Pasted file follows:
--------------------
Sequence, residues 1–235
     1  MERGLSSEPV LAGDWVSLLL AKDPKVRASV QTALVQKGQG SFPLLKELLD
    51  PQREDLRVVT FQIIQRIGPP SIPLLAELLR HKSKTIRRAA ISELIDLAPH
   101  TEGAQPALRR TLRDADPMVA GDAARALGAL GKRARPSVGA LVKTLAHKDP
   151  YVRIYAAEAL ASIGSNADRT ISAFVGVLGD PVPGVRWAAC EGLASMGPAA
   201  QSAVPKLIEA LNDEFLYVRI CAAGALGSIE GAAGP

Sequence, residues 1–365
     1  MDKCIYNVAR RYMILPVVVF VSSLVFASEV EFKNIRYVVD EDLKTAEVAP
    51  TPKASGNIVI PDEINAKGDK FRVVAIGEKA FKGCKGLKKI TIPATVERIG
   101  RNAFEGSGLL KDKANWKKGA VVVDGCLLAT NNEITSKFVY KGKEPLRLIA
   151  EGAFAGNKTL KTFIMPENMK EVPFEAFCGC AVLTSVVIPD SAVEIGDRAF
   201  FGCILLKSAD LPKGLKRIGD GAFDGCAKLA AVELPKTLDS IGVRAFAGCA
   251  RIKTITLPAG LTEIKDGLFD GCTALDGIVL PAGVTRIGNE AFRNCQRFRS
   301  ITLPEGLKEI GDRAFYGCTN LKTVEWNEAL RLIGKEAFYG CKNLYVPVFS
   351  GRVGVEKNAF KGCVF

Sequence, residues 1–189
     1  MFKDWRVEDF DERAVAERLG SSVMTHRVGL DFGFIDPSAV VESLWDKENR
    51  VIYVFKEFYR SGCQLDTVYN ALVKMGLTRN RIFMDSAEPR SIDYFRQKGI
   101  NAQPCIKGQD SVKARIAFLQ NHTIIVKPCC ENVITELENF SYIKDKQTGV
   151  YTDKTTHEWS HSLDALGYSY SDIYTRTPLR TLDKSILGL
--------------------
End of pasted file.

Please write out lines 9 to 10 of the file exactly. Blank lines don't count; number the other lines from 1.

    51  TPKASGNIVI PDEINAKGDK FRVVAIGEKA FKGCKGLKKI TIPATVERIG
   101  RNAFEGSGLL KDKANWKKGA VVVDGCLLAT NNEITSKFVY KGKEPLRLIA